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Alec Gores has built a SPAC machine.

The billionaire investor, who first tried his hand at the unconventional reverse-merger IPO process in 2015, has watched the market for SPACs reach a fever pitch over the last two years. As the market swelled, he became a serial SPAC backer. He has methodically created 13 special-purpose acquisition companies, more than any other single investor, according to data provider SPACInsider.

Mr. Gores is a veteran when measured in SPAC years. He believes in the process, which had been criticized as an avenue to take sketchy companies public. His firm, Gores Group, opens its own checkbook for every deal—unlike many other SPAC investors—and sometimes even lands deals despite underbidding his competitors, he says.

“We’re building a franchise," Mr. Gores said in an interview from his home in Malibu, Calif. “We’re developing a playbook that gets improved every day."

Last year, Mr. Gores was in deal talks with Austin Russell, the 26-year-old chief executive officer of Luminar Technologies Inc. Despite the global Covid-19 pandemic, the SPAC market was on fire. Bankers said Mr. Russell’s self-driving-car sensor company could easily secure a $9 billion valuation.

Instead, Mr. Russell said he would merge with a Gores Group SPAC that valued his company at a fraction of that—$2.9 billion—but provided him something he needed: cash. Mr. Gores’s deal gave Luminar an immediate infusion of $300 million that the company could keep whether or not the deal closed.

“We don’t buy you," Mr. Gores said he told Mr. Russell, who also got to keep his supervoting shares in the deal. “You’re selling a small stake in your company to get capital to finish your dream."

As he has sought to master other complicated elements of SPACs, Mr. Gores still follows his instincts on due diligence and says his in-person interactions with founders are critical.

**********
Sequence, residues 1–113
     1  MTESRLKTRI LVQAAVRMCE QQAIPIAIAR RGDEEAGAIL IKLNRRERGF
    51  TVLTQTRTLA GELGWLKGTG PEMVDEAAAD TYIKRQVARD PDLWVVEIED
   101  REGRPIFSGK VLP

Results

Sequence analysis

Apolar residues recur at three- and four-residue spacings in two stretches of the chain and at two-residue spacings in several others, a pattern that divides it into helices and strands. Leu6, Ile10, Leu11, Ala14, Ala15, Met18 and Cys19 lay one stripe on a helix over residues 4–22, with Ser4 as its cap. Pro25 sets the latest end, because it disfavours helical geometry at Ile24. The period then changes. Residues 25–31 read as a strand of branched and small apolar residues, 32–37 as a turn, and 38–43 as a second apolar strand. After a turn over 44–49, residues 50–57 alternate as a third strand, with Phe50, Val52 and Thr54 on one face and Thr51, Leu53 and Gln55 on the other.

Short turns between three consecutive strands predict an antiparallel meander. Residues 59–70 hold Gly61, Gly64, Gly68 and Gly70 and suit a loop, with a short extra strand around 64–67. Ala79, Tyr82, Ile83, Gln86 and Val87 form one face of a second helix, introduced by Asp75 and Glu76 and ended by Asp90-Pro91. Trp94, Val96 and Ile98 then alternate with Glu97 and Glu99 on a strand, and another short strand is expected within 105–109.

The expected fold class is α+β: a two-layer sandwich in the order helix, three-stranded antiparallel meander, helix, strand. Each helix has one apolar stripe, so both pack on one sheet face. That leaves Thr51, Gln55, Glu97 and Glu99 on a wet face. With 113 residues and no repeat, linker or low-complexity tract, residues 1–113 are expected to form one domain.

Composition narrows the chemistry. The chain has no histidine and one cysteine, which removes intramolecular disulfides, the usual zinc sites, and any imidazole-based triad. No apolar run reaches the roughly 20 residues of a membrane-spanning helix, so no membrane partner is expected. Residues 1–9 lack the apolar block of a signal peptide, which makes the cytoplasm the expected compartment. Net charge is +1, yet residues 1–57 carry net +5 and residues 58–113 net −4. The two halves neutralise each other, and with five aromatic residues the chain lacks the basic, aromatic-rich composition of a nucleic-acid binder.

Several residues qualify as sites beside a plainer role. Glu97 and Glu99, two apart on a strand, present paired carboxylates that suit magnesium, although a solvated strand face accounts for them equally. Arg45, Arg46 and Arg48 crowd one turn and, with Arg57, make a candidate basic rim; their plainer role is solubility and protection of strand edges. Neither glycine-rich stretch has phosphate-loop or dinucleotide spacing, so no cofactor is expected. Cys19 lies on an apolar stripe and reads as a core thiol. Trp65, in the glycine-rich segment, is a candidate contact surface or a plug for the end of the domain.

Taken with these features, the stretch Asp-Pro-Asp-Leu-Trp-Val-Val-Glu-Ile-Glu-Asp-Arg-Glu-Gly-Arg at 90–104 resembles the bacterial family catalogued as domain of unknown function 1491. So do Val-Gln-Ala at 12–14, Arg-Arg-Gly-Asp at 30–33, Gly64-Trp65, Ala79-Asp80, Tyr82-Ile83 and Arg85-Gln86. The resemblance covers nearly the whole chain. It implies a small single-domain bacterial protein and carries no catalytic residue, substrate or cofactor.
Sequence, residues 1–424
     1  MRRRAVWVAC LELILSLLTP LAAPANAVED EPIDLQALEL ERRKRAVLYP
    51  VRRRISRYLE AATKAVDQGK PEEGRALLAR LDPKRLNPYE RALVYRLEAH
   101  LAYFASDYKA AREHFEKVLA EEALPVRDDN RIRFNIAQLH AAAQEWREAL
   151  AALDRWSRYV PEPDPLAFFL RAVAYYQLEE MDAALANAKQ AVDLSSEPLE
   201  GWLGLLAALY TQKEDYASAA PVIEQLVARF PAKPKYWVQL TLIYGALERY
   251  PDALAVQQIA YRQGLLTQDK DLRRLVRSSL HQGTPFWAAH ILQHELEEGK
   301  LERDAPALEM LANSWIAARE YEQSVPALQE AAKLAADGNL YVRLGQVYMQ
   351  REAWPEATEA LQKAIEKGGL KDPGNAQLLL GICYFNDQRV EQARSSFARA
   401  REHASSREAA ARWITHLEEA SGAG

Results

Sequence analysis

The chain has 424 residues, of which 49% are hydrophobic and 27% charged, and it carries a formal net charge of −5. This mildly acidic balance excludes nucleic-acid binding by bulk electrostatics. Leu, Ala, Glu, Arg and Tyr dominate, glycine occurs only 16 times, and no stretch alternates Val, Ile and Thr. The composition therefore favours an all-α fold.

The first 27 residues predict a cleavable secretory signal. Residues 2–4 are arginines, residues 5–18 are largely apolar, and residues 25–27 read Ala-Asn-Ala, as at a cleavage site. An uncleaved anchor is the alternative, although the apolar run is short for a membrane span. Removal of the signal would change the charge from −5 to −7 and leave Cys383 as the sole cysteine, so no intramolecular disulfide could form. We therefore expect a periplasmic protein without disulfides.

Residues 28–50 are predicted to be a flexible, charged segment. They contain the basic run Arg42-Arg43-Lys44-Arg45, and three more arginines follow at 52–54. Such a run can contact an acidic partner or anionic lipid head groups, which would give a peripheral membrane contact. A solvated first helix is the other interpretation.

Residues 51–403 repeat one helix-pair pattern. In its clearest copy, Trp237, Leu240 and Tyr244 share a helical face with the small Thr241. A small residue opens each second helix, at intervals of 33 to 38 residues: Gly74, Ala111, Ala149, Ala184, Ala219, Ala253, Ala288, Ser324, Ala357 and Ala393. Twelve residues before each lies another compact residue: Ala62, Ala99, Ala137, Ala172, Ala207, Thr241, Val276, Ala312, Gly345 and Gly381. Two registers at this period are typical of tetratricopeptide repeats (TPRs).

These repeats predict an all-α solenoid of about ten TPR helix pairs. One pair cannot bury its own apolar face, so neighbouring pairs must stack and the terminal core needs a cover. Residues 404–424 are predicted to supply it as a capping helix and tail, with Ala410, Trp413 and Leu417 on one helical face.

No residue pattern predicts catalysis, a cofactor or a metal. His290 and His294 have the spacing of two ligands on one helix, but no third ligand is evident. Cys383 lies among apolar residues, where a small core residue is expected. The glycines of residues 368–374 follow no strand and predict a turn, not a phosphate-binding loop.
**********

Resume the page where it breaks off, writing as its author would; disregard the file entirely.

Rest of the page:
This year, before Mr. Gores signed a deal to merge one of his SPACs with a recyclable-metals business from Ardagh Group SA, he and other Gores executives flew to the Bahamas. There, they met Paul Coulson, the chairman and chief executive of Ardagh, who was working from his docked yacht. Mr. Gores chartered his own yacht and parked it next to Mr. Coulson’s.

“I wanted to make sure I felt good about this partnership," said Mr. Gores, who had previously met Mr. Coulson only on Zoom calls. After spending time with Mr. Coulson and his family over a week of negotiations and barbecues on their boats, Mr. Gores signed an $8.5 billion deal for a division of Ardagh.

The SPAC market has exploded over the past year, with much of its growth fueled by newcomers. This year, the shell companies—which list on a stock exchange and then are tasked with buying a target company to take its place in the stock market—have raised more than $100 billion, according to Dealogic.

Mr. Gores, 68, who minted billions in the private-equity industry, has signed deals to take public via SPAC the Twinkie makerHostess Brands Inc.; an online mortgage originator; a spatial-data company; and a short-term rental company, among others. Where most SPAC outfits have a small team, Mr. Gores employs more than 30 people, including lawyers, tax professionals, marketing executives and finance and operations specialists, who work on each SPAC.

“When the Gores team launches a new SPAC, the demand for the deal is already there," said Kristi Marvin, founder and CEO of SPACInsider. “They have enough experience and credibility that most investors are going to want to participate."